Small business owners tend to think that they are flying under the radar when it comes to properly securing their business data. Unfortunately, hackers are targeting more small businesses than ever due to lax system security.
Limited budgets and few or no technical experts on staff, small businesses generally have weak security. Cyber criminals have taken notice. In 2010, the U.S. Secret Service and Verizon Communications Inc.s forensic analysis unit, which investigates attacks, responded to a combined 761 data breaches, up from 141 in 2009. Of those, 482, or 63%, were at companies with 100 employees or fewer. Visa Inc. estimates about 95% of the credit-card data breaches it discovers are on its smallest business customers.
Read the whole article if you think it cant happen to you but odds are that you have some network security and data protection problems that can be fixed very easily and you wont need to go through all of the expensive remedies the gentleman had to go through.
Here are 3 simple things you can do to improve your small business information security:
Improve Your Password
Far too many businesses do not enforce strict password guidelines which makes it easy for a hacker to get into your system. Passwords such as 1234, love, password and qwerty may seem cute and are easy to remember, but believe it or not, hackers know that people are too lazy to choose strong passwords. If your password is not on this list, congratulations, but hackers have lists of thousands of common words, names, dates, and products that they use to evade IT security. Why make it easy for them?
Strong passwords are at least 8 characters long and consist of a combination of capital and lower case letters, numbers and symbols. Instead of using your boyfriends name Jason, try using *JAson98! or (jAsOn98). Anyting is better than using a word anyone can guess.
And, for goodness sake, change your password every 3 months. This will help lock out anyone who has infiltrated your system. Remember to change your password after employees leave and delete their login accounts. Good terms or bad, if they no longer receive a check, they should not be able to gain access. I know of an ex-employee who threw out a folder of hand written notes which contained his username, password, email server, network login, IP addresses and enough information for anyone snooping in our trash to have root access to our entire network. I found the folder and shredded the documents. Do not leave sticky notes with the password on the monitor, under your keyboard or in your drawer. Everyone knows where to look.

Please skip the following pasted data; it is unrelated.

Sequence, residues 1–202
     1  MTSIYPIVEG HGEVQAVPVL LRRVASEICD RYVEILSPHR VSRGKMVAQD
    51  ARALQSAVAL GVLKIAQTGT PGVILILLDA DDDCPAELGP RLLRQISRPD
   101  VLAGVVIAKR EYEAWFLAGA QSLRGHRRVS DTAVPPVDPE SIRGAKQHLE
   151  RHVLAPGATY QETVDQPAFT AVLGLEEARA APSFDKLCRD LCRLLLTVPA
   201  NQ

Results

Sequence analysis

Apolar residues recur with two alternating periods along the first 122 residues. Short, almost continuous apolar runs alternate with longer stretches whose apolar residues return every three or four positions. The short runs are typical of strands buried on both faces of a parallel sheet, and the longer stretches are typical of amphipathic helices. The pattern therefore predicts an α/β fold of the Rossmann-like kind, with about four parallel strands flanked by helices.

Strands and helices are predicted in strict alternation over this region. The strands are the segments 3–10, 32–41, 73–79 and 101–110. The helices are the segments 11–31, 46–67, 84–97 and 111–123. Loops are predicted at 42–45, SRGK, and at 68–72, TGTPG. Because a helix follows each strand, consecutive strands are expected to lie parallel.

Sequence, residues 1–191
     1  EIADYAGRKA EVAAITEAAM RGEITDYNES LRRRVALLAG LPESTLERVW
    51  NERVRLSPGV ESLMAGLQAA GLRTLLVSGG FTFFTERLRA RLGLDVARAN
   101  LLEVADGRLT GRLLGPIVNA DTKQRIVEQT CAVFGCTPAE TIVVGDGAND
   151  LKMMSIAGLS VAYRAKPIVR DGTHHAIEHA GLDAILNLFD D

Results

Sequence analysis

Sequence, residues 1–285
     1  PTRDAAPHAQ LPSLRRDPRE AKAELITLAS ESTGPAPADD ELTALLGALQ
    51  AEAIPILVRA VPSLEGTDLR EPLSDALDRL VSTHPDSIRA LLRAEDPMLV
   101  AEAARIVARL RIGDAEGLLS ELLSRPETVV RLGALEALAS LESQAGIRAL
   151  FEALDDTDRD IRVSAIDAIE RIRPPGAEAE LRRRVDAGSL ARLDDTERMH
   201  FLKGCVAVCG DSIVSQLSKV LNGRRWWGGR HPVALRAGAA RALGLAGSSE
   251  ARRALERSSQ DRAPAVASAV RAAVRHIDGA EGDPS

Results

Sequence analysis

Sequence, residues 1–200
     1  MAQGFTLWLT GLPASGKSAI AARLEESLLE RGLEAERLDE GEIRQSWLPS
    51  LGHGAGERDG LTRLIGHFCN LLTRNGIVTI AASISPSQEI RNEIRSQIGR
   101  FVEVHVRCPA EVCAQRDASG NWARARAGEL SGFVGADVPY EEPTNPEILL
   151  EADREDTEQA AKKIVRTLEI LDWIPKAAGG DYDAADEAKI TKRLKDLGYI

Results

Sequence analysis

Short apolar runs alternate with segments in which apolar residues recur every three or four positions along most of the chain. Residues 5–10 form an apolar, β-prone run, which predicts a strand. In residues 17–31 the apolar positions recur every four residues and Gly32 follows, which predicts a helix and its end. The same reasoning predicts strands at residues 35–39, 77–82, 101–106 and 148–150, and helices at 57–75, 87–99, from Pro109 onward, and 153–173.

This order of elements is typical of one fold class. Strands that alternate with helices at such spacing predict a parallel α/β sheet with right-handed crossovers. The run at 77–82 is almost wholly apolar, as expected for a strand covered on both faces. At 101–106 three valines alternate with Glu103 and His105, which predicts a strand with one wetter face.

Keep Your Computers Updated
The longer any software is available, the more time there is to find security holes in it and figure out ways to exploit them. Hackers have nothing better to do than sit around and find faults in software. As these exploits are discovered, the software manufacturers develop patches that close those holes and fend off unwanted intruders for a little while longer. be sure to do all software updates on all of your computers at least once a month.
Use Anti-Virus and Anti-Malware Programs
This is 2011. If you are not using a good anti-virus program then you deserve anything that happens to your data. In the article above, the gentleman had malicious software (malware) on his computer since 2009. This means he was not scanning his computers with updated anti-virus and anti-malware programs. There are free programs out there that will keep your system clean and automatically update themselves daily so you always have the latest patches for any new viruses.
Play an active part in your small business IT security program. It will save you more in the long run.